A Macroeconomic View of the Current Economy

Q&A with: David A. Moss
Published: January 25, 2010
Author: Sean Silverthorne

If they didn't understand it already, executives and corporate managers have learned one huge lesson over the past couple of years: macroeconomics matters.

Interest rates. Exchange rates. Trade deficits. The Gross Domestic Product. Inflation. All of these can affect a company's bottom line by influencing the cost and availability of money, goods, and services. Macroeconomic forces can conspire to make business more difficult, but they can also present opportunities to executives who know how to, for example, read a country's national income accounts and balance of payments.

For explanations on how the economic system works and what history teaches us, business readers might turn to A Concise Guide to Macroeconomics: What Managers, Executives, and Students Need to Know, by Harvard Business School professor David A. Moss, who holds graduate degrees from Yale in economics and history. The book, which grew out of background notes Moss wrote for his MBA students, is a nontechnical, accessible explanation of broad concepts such as "output," "money," and "expectations"—as well as more specific ones ranging from real exchange rates to total factor productivity. Moss also includes numerous tools for interpreting big-picture economic developments.

We asked Moss to talk about the book and some of the events now taking place on the macroeconomic horizon.

Sean Silverthorne: What's the definition of macroeconomics?

David Moss: It involves thinking about the economy as a whole. Micro is about firms and individual actors and how they behave; macro is about aggregate performance of the economy: overall GDP, trade surplus or deficit, inflation.

In principle, we should be able to get rid of the (macro/micro) distinction because all micro behavior—all the firms and individuals—add up to the aggregate economy. But it turns out that we're not there yet. There's still a great deal we don't fully understand. We see patterns at the macro level that are sometimes hard to disaggregate and pinpoint exactly where they came from at the micro level. So as a result, we separate macro and micro. Someday, if we ever figured everything out, these things would come together. That's true in many areas of study.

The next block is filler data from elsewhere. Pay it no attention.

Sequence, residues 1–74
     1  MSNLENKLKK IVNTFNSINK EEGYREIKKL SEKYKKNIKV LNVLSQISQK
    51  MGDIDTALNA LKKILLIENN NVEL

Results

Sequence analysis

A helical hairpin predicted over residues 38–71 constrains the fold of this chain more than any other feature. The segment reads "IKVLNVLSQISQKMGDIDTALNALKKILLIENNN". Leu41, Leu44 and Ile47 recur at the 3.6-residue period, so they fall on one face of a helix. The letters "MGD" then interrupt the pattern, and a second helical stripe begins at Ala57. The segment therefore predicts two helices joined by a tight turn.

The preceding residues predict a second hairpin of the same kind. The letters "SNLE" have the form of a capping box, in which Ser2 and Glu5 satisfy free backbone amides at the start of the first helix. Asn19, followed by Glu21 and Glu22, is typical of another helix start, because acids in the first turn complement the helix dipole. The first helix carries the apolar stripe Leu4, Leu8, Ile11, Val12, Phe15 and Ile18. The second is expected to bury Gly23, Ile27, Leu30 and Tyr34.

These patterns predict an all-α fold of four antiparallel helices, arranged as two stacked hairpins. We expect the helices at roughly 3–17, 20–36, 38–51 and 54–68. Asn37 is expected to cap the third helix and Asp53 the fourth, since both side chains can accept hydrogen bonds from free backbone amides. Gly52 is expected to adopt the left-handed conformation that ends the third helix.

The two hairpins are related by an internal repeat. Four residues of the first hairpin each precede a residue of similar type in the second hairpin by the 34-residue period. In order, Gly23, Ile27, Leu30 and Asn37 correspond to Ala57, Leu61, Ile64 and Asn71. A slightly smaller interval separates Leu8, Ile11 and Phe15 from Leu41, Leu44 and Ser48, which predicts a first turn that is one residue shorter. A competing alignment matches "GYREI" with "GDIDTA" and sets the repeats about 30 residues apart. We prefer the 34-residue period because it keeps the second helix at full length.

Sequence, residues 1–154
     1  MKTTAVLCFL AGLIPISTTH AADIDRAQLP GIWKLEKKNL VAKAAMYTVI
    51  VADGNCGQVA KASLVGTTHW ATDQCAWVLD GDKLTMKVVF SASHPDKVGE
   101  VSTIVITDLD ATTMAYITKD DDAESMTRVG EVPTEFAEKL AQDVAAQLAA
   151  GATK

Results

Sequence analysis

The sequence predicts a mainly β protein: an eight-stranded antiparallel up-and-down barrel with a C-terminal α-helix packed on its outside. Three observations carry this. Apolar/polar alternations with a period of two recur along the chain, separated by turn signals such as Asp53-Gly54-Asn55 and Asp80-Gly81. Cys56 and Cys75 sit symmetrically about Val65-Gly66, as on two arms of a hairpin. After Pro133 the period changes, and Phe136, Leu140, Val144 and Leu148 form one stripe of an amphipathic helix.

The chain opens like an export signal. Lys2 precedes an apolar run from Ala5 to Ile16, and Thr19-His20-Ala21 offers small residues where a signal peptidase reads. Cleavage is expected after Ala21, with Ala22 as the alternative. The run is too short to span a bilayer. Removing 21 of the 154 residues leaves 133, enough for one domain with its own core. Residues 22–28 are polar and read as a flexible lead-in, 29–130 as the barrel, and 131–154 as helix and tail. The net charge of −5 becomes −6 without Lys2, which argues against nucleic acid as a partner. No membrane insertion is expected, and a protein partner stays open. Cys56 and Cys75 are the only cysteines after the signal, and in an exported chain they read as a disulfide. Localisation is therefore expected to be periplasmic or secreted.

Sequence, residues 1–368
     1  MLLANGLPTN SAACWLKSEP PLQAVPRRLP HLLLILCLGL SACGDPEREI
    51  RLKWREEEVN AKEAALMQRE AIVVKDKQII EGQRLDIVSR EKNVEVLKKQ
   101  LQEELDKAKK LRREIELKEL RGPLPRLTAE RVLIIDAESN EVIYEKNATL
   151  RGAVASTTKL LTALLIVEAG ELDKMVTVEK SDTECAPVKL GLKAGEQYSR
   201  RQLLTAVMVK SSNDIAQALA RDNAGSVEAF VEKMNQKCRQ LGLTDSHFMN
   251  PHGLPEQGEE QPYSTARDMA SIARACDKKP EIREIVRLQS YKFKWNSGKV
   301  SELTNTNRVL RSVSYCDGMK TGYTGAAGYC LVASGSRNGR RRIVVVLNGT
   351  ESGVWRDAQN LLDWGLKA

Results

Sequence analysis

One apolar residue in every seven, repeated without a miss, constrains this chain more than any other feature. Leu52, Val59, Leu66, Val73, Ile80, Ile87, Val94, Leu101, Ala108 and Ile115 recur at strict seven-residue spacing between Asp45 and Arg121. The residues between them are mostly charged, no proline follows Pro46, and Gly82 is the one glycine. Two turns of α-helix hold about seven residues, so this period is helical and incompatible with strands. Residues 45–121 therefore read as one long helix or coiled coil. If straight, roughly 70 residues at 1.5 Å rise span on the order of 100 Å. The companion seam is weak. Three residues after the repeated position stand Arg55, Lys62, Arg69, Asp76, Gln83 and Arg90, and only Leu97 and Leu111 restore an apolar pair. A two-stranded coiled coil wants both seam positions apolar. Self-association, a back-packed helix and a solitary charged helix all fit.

Q: What will executives and other business readers learn from the book?

A: One of the most important things is they're going to be able to read the Financial Times, the Wall Street Journal, and The Economist much more effectively than they could before. Those publications integrate macroeconomics with what we know about business and markets, often in the very same articles. Without some background in macroeconomics, much of that goes past the reader.

What exactly does it mean that the real interest rate has moved, or the real exchange rate has moved this way or that? There are different types of productivity—labor productivity, capital productivity, and total factor productivity. Which is the right one to look at in a particular context?

There's a lot of information out there—particularly in the business press. If these aren't familiar terms, and if one doesn't have a way of putting it all together, then you can't process all of this information as effectively as possible.

I think another thing readers will learn is that they can look at big developments at the macro level and start to think about what they mean—how these developments might come back and affect their bottom line.

Let's take exchange rates. Exchange rates fluctuate widely, and anybody who tells you they know what the exchange rate is going to be tomorrow either has godlike powers or is putting you on. But there are patterns over time. For example, countries that are running large and ongoing current account deficits tend to see their currencies depreciate over time. This doesn't mean that the currency of a country running consistent current account deficits is going to depreciate tomorrow or next week or even next month. But over time, you expect it to depreciate. So if you're a business manager, you probably want to be fairly well hedged against this possibility, either by making use of certain financial instruments or by carefully spreading out your real investments across various countries.

Q: You mentioned that you can't predict exchange rates. But are there rules of thumb managers can practice when thinking about exchange rates and how to play them?

A: I'll mention several.

First, as I just suggested, it makes sense to look at a country's current account deficit or surplus. For countries that are running large current account surpluses, like China and Japan, you'd expect their currency to appreciate over sustained periods of time. I can't say for sure that Japan's currency is going to appreciate over time, but in all likelihood, it will. I would be very surprised if China's doesn't appreciate over time.